Monday, September 28, 2015

Mine! Mine! Mine!

There are several concepts in The Tempest that fit in our theme of “Brave New World”: There is the setting of an undiscovered island in which the entire play occurs, there’s the history of the island and its many rulers, the concept of other-worldliness/spectacle from all groups of characters in the play, and pure wonder.

Isaac Lyman in his Brave New World post put it best, “Shakespeare writes a play set in Cyprus: no magic. Shakespeare writes a play set in Messina: no magic. Shakespeare writes a play set on a Mediterranean island: magic. (?)” This new world that Shakespeare and his fellow countrymen had learned of had this magic to it because of it being unknown. All reports about the new world came from stories from the Captains and crew of ships that had made the journey. As we discussed in class, a few details of these stories may have been exaggerated due to human error and the natural state of storytelling.

In the play Act V scene I has the best example of the wonder and other-worldliness experienced by all groups of the play. Miranda says, “O, wonder! How many goodly creatures are there here! How beauteous mankind is! O brave new world That has such people in't!” She says this in response for seeing the whole group of people that had been in the shipwreck. They react in kind to her by Alonso asking Ferdinand, “What is this maid with whom thou wast at play? Your eld'st acquaintance cannot be three hours: Is she the goddess that hath sever'd us, And brought us thus together?” Of course not all new encounters were all in good terms. Caliban as he meets Trinculo and Stephano is at first a confused scene. It ends somewhat well when Caliban gets a drink and trades his current master for another.

The island had been ruled first by Sycorax Caliban’s mother. She was defeated by Prospero and he rules the island. In the play the idea of gaining new dominions and freedom is presented at several lengths. Prospero’s own banishment was the result of this ambition by his brother. The kings own followers think of thoughts of killing the king himself in order to gain land back home. Stephano gains a vision of being ruler when Caliban suggests to him to kill Prospero. Even in a moment when Gonzalo is trying to console Alonso, he imagines a Utopia on the island with him as ruler.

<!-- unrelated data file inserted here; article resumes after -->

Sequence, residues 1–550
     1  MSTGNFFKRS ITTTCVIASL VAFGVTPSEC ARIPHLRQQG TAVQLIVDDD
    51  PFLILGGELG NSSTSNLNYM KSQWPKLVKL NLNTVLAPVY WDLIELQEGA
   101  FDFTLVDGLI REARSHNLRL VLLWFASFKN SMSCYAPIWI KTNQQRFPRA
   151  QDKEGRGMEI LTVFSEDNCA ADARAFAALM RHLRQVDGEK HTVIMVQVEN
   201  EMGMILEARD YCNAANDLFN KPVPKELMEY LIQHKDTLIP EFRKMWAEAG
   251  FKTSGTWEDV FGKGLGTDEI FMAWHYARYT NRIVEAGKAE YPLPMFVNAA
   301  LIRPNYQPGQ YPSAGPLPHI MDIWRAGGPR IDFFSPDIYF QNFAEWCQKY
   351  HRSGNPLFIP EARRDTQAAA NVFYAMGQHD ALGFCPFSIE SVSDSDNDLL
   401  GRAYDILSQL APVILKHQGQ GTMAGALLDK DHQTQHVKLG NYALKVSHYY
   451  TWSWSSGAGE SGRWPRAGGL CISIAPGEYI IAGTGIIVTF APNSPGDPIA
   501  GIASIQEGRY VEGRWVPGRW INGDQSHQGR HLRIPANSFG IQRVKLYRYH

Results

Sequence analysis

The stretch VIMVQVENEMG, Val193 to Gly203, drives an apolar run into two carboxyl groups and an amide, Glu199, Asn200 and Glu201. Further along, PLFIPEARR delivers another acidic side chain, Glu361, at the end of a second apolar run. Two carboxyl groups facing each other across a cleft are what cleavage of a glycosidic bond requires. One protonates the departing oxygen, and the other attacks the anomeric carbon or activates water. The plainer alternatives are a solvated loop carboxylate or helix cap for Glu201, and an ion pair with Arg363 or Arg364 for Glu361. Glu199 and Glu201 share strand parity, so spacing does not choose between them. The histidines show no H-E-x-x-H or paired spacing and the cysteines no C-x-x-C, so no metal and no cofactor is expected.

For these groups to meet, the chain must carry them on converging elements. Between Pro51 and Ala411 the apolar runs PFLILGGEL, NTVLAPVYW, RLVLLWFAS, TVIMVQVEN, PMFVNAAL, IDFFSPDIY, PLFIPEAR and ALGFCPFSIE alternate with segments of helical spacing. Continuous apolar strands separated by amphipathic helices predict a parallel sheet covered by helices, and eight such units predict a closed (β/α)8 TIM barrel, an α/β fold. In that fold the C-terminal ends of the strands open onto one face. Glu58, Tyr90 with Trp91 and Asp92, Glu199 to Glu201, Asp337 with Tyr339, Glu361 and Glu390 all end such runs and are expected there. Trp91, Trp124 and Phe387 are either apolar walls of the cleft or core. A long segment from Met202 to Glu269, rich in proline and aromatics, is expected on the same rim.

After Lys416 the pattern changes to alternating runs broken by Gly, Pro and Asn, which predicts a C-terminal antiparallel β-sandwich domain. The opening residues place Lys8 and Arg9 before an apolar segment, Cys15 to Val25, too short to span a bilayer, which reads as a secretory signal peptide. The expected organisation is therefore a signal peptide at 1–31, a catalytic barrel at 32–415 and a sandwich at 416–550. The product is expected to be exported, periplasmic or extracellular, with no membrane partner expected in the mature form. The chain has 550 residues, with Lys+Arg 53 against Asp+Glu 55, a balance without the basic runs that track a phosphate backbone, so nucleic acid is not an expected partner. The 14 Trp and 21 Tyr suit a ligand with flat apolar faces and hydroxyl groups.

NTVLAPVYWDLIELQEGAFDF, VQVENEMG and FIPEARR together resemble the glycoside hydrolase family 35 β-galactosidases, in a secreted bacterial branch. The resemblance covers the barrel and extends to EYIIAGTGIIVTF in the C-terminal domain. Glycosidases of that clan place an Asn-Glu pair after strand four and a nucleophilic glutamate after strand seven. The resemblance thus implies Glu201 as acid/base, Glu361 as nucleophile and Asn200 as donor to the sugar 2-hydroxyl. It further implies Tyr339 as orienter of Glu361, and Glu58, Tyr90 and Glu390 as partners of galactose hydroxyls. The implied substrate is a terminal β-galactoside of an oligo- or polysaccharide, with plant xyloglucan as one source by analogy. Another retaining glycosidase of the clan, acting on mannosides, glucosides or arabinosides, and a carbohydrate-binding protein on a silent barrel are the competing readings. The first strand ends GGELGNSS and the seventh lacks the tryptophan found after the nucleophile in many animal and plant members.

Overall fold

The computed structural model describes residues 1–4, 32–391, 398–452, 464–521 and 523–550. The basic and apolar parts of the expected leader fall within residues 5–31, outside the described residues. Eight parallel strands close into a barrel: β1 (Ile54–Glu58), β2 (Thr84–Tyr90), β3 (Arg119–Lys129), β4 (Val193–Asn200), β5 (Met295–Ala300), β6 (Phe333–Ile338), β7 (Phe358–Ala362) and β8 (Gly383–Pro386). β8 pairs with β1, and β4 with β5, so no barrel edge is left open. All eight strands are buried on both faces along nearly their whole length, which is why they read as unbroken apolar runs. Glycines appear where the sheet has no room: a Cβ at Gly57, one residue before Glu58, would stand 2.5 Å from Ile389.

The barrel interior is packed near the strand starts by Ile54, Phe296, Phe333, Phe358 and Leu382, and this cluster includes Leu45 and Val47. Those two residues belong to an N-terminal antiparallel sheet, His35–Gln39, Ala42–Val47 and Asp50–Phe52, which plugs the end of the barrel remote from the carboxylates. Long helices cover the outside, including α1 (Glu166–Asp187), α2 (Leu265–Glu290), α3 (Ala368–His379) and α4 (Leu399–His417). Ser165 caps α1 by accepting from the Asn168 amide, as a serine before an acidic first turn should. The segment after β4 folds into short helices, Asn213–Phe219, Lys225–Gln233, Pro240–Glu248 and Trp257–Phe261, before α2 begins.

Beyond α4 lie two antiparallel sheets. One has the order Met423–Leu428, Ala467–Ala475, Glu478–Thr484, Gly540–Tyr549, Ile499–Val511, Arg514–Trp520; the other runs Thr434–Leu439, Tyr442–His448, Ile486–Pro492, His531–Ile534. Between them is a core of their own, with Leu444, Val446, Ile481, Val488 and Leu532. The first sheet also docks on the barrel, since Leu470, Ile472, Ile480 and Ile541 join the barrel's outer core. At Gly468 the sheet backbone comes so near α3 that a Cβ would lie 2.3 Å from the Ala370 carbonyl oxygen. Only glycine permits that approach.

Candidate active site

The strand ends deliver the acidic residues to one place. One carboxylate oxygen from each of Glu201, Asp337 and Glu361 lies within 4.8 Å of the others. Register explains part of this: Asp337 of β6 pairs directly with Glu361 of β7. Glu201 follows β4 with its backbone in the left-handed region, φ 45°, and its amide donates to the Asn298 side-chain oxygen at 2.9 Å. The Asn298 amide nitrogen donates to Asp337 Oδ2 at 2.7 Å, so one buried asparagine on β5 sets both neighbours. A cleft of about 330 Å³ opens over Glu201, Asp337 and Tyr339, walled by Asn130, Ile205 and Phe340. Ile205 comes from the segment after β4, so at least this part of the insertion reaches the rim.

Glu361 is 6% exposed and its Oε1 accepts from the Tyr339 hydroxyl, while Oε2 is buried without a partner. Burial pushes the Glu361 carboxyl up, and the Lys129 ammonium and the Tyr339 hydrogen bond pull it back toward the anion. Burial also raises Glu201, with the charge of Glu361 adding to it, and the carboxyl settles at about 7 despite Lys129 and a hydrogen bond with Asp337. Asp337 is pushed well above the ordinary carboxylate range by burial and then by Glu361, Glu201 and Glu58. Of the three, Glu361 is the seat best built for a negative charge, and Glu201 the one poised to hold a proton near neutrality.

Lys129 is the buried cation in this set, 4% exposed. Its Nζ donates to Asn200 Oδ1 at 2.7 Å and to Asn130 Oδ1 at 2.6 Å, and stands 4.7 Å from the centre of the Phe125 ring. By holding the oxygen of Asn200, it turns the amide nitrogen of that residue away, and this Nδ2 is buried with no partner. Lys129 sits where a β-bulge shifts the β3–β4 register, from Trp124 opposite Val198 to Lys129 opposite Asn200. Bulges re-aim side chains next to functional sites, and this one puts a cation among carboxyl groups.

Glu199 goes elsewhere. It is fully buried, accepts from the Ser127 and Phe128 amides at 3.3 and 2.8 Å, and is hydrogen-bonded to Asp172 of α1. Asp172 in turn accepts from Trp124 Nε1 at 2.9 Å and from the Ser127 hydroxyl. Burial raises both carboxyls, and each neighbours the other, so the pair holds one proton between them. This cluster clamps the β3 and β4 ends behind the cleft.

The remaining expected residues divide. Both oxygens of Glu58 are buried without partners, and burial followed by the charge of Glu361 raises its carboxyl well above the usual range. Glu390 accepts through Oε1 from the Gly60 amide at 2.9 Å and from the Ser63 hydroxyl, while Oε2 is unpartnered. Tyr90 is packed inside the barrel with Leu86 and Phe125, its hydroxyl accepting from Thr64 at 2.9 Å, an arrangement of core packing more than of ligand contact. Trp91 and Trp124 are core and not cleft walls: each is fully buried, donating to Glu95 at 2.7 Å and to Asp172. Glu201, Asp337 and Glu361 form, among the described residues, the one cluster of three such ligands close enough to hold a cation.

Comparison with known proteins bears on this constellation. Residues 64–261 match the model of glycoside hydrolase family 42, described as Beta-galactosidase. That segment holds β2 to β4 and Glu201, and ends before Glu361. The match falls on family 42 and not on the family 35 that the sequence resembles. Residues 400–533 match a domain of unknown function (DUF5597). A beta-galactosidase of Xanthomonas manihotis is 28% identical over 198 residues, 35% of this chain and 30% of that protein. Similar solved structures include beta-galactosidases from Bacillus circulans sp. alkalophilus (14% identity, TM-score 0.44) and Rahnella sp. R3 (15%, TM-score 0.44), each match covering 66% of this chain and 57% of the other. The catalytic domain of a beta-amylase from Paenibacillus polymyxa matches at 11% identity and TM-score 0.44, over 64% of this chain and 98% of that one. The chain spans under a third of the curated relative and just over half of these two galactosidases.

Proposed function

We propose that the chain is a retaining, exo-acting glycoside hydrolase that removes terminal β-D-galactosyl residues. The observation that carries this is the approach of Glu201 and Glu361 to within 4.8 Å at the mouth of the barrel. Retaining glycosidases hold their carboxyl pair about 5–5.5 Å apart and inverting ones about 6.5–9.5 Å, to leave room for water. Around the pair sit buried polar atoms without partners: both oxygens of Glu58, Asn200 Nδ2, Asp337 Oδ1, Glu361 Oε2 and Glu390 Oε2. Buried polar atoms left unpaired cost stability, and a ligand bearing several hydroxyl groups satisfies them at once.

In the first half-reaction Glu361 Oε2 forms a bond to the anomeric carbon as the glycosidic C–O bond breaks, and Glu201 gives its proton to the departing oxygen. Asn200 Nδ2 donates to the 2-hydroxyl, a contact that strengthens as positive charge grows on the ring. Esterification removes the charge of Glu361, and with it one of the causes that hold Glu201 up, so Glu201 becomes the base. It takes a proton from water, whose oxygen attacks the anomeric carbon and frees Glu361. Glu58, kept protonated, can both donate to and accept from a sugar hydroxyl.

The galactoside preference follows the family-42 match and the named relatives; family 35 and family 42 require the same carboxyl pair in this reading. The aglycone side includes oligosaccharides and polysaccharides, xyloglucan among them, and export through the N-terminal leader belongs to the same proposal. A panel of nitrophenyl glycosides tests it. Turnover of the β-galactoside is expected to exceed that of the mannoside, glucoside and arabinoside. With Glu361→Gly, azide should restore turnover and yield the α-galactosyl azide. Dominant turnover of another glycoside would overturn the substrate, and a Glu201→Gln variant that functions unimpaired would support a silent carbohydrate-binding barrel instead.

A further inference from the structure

Despite all the wonder and imagination of dominion that the newcomers to this island portray. There is always an idea of home that is apart from the island. Stephano when he meets Caliban even remarks how if they were in London how things would be different.

Works Cited

Mabillard, Amanda. "Miranda" Shakespeare Online. 2000. 27/September/2015< >.

Lyman, Isaac. “Barbaric (read: brave), Ancient (read: new) Islands (read: worlds)” Website Blog. eRenaissance project blog. Gideon. September 8, 2015. Web. September 27, 2015.


  1. I really liked that quote by Issac Lyman. It puts the "magic" of discovering new worlds into perspective because Shakespeare certainly had "magic" in other plays by other definitions. But to consider a new world a kind of "magic" is a interesting concept.

  2. Every character really did seek to become a ruler of sorts in this new territory: Prospero, already in charge when everyone else showed up; Gonzalo, who hoped to create that Utopia; Sebastian and Antonio, who thought to overthrow the King; Trinculo, new master of Caliban and - so he thought - future king and husband of Miranda. The New World here seemed to inspire ambition in these men by providing an open space where they might further their authority in new ways.

  3. This is the first (and, I expect, the last) time I have been featured in a Works Cited page. So, I am flattered, and thank you.

    I like the picture of seagulls.